Systematic Development of Small Molecules to Inhibit Specific Microscopic Steps of Aβ42 Aggregation in Alzheimer's Disease

Proc Natl Acad Sci U S A. 2017 Jan 10;114(2):E200-E208. doi: 10.1073/pnas.1615613114. Epub 2016 Dec 23.

Abstract

The aggregation of the 42-residue form of the amyloid-β peptide (Aβ42) is a pivotal event in Alzheimer's disease (AD). The use of chemical kinetics has recently enabled highly accurate quantifications of the effects of small molecules on specific microscopic steps in Aβ42 aggregation. Here, we exploit this approach to develop a rational drug discovery strategy against Aβ42 aggregation that uses as a read-out the changes in the nucleation and elongation rate constants caused by candidate small molecules. We thus identify a pool of compounds that target specific microscopic steps in Aβ42 aggregation. We then test further these small molecules in human cerebrospinal fluid and in a Caenorhabditis elegans model of AD. Our results show that this strategy represents a powerful approach to identify systematically small molecule lead compounds, thus offering an appealing opportunity to reduce the attrition problem in drug discovery.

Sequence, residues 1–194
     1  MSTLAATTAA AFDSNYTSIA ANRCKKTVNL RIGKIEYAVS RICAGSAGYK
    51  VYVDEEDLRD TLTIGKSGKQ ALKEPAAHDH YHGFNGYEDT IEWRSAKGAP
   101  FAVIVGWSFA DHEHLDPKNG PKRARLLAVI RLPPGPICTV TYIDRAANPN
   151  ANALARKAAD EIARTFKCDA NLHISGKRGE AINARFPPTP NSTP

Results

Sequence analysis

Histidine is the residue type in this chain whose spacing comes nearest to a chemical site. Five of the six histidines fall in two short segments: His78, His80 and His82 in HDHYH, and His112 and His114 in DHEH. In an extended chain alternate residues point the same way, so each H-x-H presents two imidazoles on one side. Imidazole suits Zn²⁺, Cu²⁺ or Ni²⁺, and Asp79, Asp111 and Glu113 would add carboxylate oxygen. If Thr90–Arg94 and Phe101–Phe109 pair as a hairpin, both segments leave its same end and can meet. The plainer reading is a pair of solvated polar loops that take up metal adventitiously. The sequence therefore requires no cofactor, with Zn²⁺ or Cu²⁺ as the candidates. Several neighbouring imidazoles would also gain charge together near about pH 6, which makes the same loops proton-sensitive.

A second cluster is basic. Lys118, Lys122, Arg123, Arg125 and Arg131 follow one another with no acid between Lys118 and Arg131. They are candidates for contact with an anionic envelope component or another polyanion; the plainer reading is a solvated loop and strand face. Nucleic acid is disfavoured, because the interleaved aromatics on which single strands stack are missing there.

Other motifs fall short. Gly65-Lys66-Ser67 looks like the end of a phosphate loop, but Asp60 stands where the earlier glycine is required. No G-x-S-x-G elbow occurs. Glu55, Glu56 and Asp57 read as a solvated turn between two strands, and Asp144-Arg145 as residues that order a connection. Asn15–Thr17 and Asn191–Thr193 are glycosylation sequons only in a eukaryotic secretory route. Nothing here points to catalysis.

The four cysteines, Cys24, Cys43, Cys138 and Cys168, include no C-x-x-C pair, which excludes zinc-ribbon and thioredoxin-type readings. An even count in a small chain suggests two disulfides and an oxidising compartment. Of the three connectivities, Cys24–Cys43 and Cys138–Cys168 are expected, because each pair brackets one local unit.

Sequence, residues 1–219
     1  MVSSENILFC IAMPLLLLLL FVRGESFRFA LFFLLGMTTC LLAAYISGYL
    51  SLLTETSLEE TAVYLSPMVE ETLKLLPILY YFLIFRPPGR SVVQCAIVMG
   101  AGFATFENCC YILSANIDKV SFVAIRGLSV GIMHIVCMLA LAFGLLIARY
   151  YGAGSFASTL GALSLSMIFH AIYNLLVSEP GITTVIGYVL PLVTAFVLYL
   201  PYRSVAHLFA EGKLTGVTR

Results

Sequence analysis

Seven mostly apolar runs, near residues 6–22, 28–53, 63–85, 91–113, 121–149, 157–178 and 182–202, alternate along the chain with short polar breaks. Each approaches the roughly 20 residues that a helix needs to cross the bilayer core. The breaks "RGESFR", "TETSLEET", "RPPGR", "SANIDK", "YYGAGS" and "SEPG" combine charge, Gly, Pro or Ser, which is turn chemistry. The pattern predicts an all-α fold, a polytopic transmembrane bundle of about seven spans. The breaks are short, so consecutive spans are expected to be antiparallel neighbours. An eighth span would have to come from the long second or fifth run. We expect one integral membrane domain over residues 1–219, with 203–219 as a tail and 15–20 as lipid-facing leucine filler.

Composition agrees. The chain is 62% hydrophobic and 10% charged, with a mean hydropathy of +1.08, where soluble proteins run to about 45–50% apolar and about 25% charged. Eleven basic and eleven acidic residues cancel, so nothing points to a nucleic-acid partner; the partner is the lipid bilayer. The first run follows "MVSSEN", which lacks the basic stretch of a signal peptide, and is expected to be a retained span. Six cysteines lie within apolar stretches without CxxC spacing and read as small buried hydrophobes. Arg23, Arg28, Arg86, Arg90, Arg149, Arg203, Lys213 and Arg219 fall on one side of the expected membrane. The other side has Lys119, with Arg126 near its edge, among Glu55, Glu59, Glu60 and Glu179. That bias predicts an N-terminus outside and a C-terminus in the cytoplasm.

Keywords: Alzheimer’s disease; amyloid-β peptide; drug discovery; protein aggregation; protein misfolding.

MeSH terms

  • Alzheimer Disease
  • Amyloid beta-Peptides / chemistry*
  • Amyloid beta-Peptides / metabolism
  • Animals
  • Caenorhabditis elegans
  • Cerebrospinal Fluid / chemistry
  • Drug Discovery*
  • Humans
  • Peptide Fragments / chemistry*
  • Peptide Fragments / metabolism
  • Small Molecule Libraries

Substances

  • Amyloid beta-Peptides
  • Peptide Fragments
  • Small Molecule Libraries
  • amyloid beta-protein (1-42)